The latest report out from the ACCC called Targeting Scams 2017 came out on Monday 15 May with the 2016 figures. In the area of romance scams the figures ($25.4 million reported lost) have not changed much, up slightly from 2015, but still under the 2014 level. The report indicates some moves in the right direction, but much more effort in many directions is still needed.
The more contacts I have from people who have been scammed the more I see the different types of scams that are being carried out. The amount of ‘romance’ can vary. There are a number of types of activities that have building a relationship as a primary focus. You will find these listed on the governmental sites that talk about scams as Online Scams or Fraud, and this is a more generic description. Only when you read the detail does it make it clear this relates to what is commonly known as ‘romance’ or ‘dating’ scams.
In my blog I have focused on scams that use romance as the hook to then enable the scammer to exhort money. The contact mechanism is often dating sites, but can also be any membership site or social media such as Facebook or even communication mechanisms such as Skype or Viber. Whilst dating sites have the benefit (to the scammer) of legitimacy and expectation of making contact, because that is the purpose of the site, other mechanisms, like on Facebook, the scammer is putting out a ‘cold’ request for contact with no automatic expectation, except social convention and politeness perhaps, of a response. They must be successful though, because they keep doing it, and I know from victims who respond thinking “its just friendship, it can’t hurt”, that whatever lure they are using, it works. Continue reading Different types of romance scams
Australians lose millions of dollars through romance scams and there is no evidence that police are doing anything. Here are the responses to my queries to the relevant agencies. Victims want justice, the police don’t seem to be taking any notice. This is not good enough!
My last blog questioning what the police are doing to investigate scams has generated some interesting responses. A promise for more information from a senior member of the Victorian police; a response from the ACCC to my query; and someone’s FOI request has given a standard response from the Australian Institute of Criminology (ACIC). Since July the ACIC has had responsibility for ACORN. Continue reading Police are not doing enough about scams!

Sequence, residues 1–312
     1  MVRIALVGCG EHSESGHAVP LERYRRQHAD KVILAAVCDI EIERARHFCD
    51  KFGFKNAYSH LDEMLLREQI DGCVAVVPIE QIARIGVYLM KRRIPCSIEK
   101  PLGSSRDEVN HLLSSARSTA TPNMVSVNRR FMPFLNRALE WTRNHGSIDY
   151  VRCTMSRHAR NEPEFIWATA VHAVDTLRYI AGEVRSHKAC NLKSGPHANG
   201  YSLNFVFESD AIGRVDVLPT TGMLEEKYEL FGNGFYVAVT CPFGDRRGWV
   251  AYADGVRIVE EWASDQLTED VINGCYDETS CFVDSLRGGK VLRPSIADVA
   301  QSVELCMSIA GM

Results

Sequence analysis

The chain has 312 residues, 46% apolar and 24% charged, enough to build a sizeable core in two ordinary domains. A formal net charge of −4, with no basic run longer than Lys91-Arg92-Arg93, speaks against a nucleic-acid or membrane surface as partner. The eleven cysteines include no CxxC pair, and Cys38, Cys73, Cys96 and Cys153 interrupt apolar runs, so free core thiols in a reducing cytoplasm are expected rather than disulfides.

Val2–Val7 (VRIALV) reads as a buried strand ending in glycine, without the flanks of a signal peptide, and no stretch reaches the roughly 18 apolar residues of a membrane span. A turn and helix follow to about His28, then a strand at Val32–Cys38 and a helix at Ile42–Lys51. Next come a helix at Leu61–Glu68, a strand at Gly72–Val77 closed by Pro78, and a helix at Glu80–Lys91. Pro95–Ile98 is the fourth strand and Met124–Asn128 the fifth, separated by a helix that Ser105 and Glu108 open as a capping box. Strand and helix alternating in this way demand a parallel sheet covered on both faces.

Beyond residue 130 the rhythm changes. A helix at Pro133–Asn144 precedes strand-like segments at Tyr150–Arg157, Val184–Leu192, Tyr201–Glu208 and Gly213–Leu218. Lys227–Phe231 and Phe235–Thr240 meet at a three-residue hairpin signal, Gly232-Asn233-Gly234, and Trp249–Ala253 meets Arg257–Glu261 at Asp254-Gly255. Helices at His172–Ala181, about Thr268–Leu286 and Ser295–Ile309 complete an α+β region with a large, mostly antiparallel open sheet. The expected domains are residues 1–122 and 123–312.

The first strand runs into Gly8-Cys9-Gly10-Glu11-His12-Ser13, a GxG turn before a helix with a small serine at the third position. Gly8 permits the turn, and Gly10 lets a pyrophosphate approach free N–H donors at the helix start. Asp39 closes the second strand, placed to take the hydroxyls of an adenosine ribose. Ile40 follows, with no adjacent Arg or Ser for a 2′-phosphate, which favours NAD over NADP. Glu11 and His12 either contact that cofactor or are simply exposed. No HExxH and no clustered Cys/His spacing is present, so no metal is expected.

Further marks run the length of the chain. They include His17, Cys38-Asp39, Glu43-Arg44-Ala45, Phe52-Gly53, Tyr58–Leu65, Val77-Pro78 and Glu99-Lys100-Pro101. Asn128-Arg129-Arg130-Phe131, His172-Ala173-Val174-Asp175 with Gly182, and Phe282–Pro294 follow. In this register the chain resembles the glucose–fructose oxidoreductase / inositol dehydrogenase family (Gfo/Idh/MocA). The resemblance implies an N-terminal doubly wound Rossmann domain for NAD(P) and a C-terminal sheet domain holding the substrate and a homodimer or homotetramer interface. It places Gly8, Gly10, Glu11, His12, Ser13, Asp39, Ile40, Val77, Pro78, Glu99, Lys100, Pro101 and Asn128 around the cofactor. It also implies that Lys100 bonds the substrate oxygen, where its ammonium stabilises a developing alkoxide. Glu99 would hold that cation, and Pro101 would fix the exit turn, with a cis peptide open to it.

When someone contacts me saying they have been scammed and what should they do one of my first suggestions to them is to report the scam to ACORN (Australian Cybercrime Online Reporting Network). I am an Ambassador for them, so that’s logical, right? But what does ACORN do?
I was recently contacted by someone in this situation, and her story, is, according to the research by Cassandra Cross mentioned in my last post, not that unusual. She communicated with me over a number of days, complaining that no-one in the various police forces would take her call, and that she was continually referred on to someone else, who then referred her on again. This included state police, federal police, and even Interpol, who could work on her behalf, but only if contacted by the relevant local agency (police). But they weren’t interested in even taking her details. Continue reading What are our police forces doing about romance scammers??
I know I have an interesting romance scam story – I was caught in a romance scam, gave away over $260,000 expecting it to be returned, and lost it all. I noticed, however, as I was interviewed for TV, that I was happy and cheerful to be doing so. Even the questions about “What did you feel at the time?” I answered with a smile on my face. I have done this a few times now.
I know they come to me because there are not too many people willing to speak out about their experience. It is hard to publicly acknowledge that I fell in love, and I was fooled by their lies. People may think I am stupid, and I was. It is a vulnerable place to be.
In speaking out, though, I own what I was responsible for.
I own that I wanted love, and to be loved. That’s normal.
I own that I chose to follow my heart, in giving the money to the person I thought was my partner for life, rather than be ‘sensible’ or ‘reasonable’.
I own that I did not take heed of the warnings I was given, and stepped over the inconsistencies, thinking, no, feeling that I was ‘in love’ and that it could not be a scam with this level of intimacy.
I own that I made a mistake, and that this has made my finances precarious to say the least, now and into the future.
Many who suffer hardship turn around and fight for it to not happen to others. The Morcombes, and Rosie Batty are the most high profile ones that come to mind, but there are many. In speaking out, particularly with a message about prevention or recovery from scams, I am doing the same. I am saying I will no longer be a victim of this singular event, I will make it have a powerful and ongoing meaning in my life, and through this, the lives of others.
In speaking out I have regained my self-respect. I am not hiding my mistake behind shame and embarrassment. I proclaim that I am human, and that I can learn and grow from my mistake, and hopefully love again.
I have discovered a love of writing. As well as this blog I have written a book, though I am still looking for a publisher.
About scammers, I have learned
They are skilled professionals, manipulating us, twisting our love to defraud us of our money